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A concerned member of the human race

Monday, August 11, 2014


I first found myself in front of a class as a teaching assistant--in a classroom with some "kids" older than myself.  Even college kids try to challenge their teacher in the beginning of the year, especially when the teacher looks young or inexperienced.  One student asked, "how old are you?"  I answered the only thing that came to mind, "older than the hills."  

On that first day, I asked students to come up with quotes that might help me learn a little more about them.  I remember some of them as if it was only yesterday.  One student quoted Lao-Tzu, "The journey of a thousand miles begins with one step."  I find the advice timeless, especially as I watch my children take their first steps in life.

Another student wrote, "bloody, but unbowed."  At the time, I didn't recognize the poetical allusion, but I have since sought the quote in William Ernest Henley's "Invictus." It is also timeless:

OUT of the night that covers me,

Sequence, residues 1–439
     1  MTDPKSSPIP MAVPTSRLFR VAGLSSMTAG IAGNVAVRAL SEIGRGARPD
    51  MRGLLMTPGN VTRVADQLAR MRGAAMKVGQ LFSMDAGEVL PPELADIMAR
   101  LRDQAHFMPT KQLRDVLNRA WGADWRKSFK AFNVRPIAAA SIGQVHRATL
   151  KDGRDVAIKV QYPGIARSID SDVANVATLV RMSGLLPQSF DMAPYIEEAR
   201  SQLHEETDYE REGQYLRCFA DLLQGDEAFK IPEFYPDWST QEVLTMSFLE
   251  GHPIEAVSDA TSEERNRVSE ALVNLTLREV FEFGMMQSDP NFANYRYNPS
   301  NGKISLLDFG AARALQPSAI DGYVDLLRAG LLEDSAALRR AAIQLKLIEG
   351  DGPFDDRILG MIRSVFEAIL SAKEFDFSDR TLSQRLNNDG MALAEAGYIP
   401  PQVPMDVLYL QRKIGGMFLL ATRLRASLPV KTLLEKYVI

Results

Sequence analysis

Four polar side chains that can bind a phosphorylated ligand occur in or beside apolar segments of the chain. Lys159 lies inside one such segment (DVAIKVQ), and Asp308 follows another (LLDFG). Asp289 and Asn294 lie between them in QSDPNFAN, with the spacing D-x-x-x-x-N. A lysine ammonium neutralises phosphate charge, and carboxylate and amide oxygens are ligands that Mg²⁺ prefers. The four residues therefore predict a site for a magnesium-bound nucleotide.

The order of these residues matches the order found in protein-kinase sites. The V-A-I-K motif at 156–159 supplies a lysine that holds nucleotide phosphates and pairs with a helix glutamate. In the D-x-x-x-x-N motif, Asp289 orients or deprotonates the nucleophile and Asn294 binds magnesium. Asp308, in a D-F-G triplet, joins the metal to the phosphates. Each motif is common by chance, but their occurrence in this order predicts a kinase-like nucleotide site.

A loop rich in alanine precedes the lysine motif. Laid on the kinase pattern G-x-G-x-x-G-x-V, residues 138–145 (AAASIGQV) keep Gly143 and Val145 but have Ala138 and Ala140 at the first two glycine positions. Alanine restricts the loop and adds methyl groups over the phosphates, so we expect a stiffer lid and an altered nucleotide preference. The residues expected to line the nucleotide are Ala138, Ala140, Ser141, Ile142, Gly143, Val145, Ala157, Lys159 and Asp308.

Black as the Pit from pole to pole,
I thank whatever gods may be
  For my unconquerable soul.
In the fell clutch of circumstance         5
  I have not winced nor cried aloud.
Under the bludgeonings of chance
  My head is bloody, but unbowed.
Beyond this place of wrath and tears
  Looms but the Horror of the shade,  10
And yet the menace of the years
  Finds, and shall find, me unafraid.
It matters not how strait the gate,
  How charged with punishments the scroll,
I am the master of my fate:  15
  I am the captain of my soul.

Surrounded by self-satisfied statisticians touting the junk science of VAM, I sometimes feel that I am no longer "the master of my fate."  I, and indeed, any one of my colleagues, may be judged grossly ineffective through no fault of our own.  So many unrecognized variables figure into the calculations and we may fall victim to any one of them.  I can control myself, but I cannot control the needs of my students, the social and emotional issues they face, the punitive nature of tests, the size of my class, the quality of our supplies and so many other things.

Yet, ultimately, in how I react to these things, I know I am still the "master of my fate."  In the great scope of things, VAM is inconsequential and history will judge it as so.  We are still  the captains of our soul.  To reference another quote from that first day on the job, neither clothes, nor VAM, make the man!

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